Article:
Students will identify individuals who demonstrate civic virtues and contributions made by African-Americans, highlighting Mary McLeod Bethune and Thurgood Marshall., , , , , ,
Students will explain how the environment influences settlement patterns in the USA, Canada, Mexico, and the Caribbean (water & land for farming)., ,
Students will investigate how people perceive places and regions. Students will learn about the contributions from various ethnic groups to the United States., , ,
Students will identify the cultures that have settled in North America. Students will compare and contrast the cultural characteristics of diverse populations in one of the five regions of the USA with Canada, Mexico or the Caribbean., , , , , , ,
Students will identify contributions from various ethnic groups to the USA (Native Americans, Hispanic/Latinos, African Americans, Asians, and Europeans)., , , , , , , ,
Students will give examples of how scarcity results in trade. Students will recognize that buyers and sellers interact to exchange goods and services through the use of trade or money., , ,
Students will list the characteristics of money (divisible, recognizable, and durable) and will understand what makes legal tender easy to use., , ,
Students will study how the U.S. and other countries create their own currency or use as legal tender. Students will distinguish between currencies used in the USA, Canada, Mexico, and the Caribbean., , , , ,
Students will identify individuals that demonstrate civic virtues and contributions made by women, highlighting Susan B. Anthony and Shirley Chisholm., , , , , , ,
Students will describe the physical features, and natural/man-made landmarks of Florida. They will describe natural resources and explain how the environment influences settlement patterns in Florida., , , , , , , ,
Students will utilize technology to gather information and analyze primary and secondary sources. Students will identify individual actions that demonstrate civic virtues and identify the levels of government. Students will review basic maps elements. Identify contributions from various ethnic groups to the United States., , ,
Students will describe how government gains its power from the people and how the government was established through a written Constitution., , , , , ,
K-5 Required to Read 50% Informational Text - Meet or exceed the 50% Informational Text requirement in your state with Studies Weekly. Teach CCSS-aligned Social Studies and Science content during your literacy block!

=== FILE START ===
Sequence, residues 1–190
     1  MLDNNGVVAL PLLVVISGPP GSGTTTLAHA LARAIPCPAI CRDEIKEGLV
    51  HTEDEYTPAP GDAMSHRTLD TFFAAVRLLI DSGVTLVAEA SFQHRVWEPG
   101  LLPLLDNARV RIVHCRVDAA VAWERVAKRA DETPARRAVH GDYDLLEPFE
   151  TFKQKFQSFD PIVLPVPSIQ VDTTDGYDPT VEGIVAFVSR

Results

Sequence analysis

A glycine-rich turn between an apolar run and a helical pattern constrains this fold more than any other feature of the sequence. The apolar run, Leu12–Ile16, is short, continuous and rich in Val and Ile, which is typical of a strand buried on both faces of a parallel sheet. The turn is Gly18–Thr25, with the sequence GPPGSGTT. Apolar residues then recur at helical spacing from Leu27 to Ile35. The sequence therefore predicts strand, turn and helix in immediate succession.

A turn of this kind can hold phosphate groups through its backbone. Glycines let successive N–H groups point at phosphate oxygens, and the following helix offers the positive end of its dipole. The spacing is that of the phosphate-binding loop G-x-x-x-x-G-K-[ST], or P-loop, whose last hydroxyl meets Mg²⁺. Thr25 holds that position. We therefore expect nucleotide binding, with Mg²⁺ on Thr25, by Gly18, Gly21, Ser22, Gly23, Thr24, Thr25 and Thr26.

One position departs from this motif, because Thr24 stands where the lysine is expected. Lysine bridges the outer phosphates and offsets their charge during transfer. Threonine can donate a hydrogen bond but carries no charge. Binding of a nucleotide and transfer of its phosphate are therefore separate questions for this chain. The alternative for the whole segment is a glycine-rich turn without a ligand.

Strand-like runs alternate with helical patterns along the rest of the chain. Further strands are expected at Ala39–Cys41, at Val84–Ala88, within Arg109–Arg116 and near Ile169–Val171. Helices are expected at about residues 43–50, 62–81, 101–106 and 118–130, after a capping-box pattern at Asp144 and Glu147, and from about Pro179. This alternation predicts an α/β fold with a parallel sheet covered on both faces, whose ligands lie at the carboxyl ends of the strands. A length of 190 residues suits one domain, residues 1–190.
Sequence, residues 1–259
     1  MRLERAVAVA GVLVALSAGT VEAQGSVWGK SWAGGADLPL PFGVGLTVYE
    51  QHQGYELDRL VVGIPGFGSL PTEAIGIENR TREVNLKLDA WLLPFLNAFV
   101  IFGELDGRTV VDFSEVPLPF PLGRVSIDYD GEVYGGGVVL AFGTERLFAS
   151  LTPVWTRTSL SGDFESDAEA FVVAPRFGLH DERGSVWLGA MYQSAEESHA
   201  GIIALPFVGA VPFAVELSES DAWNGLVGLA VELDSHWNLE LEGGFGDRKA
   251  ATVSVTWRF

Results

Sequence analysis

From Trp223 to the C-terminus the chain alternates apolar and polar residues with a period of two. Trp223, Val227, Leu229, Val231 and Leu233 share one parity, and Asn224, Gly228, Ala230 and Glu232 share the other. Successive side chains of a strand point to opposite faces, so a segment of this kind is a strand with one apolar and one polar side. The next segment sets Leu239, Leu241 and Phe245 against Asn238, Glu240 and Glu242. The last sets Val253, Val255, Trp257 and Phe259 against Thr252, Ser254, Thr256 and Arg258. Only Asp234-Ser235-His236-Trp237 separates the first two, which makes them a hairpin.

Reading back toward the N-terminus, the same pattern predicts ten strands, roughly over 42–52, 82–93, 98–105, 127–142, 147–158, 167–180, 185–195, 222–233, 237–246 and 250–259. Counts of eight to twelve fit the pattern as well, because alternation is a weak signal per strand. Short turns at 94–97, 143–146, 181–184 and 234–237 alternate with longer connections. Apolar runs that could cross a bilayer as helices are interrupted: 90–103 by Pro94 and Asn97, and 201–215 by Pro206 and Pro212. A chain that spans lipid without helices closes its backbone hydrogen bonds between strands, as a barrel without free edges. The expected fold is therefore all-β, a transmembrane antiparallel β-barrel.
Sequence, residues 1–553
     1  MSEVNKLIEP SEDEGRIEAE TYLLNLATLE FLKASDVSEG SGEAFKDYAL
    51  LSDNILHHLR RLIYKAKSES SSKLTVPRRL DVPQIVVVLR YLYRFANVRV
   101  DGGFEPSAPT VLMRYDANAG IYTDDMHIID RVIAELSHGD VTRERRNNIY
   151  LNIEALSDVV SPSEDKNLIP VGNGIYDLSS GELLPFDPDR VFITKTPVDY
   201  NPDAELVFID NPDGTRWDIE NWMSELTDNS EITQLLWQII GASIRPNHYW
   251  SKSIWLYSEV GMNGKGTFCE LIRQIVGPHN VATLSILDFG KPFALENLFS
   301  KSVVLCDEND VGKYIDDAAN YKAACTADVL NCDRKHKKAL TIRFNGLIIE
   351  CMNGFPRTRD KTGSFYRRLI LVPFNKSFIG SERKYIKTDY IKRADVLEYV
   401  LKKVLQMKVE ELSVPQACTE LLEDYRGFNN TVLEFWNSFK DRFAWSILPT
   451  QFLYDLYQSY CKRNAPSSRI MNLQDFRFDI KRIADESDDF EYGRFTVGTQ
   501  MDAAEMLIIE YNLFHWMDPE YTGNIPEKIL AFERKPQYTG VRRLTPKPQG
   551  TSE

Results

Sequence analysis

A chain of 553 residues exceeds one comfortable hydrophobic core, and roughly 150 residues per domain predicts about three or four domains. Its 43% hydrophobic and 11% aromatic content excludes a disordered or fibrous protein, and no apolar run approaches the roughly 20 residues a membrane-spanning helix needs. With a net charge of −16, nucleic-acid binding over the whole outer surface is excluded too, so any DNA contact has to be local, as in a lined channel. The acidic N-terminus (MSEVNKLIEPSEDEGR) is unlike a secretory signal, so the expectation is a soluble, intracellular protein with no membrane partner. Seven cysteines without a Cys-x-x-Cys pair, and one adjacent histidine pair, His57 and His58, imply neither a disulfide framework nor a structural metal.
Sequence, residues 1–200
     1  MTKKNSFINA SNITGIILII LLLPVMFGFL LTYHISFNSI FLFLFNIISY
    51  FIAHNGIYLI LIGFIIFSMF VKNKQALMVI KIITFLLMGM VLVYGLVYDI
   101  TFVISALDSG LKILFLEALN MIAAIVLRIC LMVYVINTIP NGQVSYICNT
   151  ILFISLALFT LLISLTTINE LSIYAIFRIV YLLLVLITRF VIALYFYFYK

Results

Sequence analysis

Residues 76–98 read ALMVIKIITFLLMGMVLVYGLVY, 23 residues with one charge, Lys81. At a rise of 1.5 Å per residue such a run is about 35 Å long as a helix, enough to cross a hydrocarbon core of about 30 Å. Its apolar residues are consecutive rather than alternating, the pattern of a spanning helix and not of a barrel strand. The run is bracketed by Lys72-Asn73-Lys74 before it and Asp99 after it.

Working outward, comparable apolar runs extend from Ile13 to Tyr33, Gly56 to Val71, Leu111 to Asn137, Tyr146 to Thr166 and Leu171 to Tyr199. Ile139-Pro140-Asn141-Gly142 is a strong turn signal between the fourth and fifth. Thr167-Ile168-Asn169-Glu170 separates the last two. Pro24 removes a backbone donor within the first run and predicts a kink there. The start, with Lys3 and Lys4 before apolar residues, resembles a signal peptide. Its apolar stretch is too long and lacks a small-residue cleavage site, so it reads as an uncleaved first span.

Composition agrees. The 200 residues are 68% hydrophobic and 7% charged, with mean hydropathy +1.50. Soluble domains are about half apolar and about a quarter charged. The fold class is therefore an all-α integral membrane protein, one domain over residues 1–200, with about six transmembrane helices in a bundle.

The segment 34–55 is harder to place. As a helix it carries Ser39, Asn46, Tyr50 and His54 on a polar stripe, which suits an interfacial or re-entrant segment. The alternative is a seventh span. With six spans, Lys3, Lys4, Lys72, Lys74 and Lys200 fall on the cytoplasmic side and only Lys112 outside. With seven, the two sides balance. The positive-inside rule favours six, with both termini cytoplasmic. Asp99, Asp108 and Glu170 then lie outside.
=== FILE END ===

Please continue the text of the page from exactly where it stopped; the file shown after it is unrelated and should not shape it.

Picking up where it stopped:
Staircase of Complexity - Lexile levels gradually increase over the course of each grade level. We provide researched-based lesson plans with scaffolding/differentiated instruction so that all students succeed.
Text-Based Answers - Students are required to write about what they read, perform additional research, cite sources and consider other points of view. Assessment questions require students to recall, examine and analyze the text they have read.
Writing from Sources - Students will develop research and media skills using primary and secondary sources. We provide 2.0 digital tool suggestions for creating online products like videos, avatars, posters and slide shows.
Academic Vocabulary - With domain-specific vocabulary for each lesson, our lesson plans help you teach students how to determine the meaning of unknown words within a text (CCSS for ELA RI.4).
Computer-Based, Machine-Scored Assessment for Grades 3-5 - Online assessment is provided at eStudiesweekly.com. With instant analysis, including pie charts for every question, you.ll identify where re-teaching or additional test-taking strategies are needed.
Visit the Studies Weekly Blog to learn more about integrating Common Core Standards into your classroom.
This map only shows classrooms within about 50 miles of your area that are using Studies Weekly publications for core instruction. More than 21,000 schools throughout the United States are using Studies Weekly as their new 'textbook.'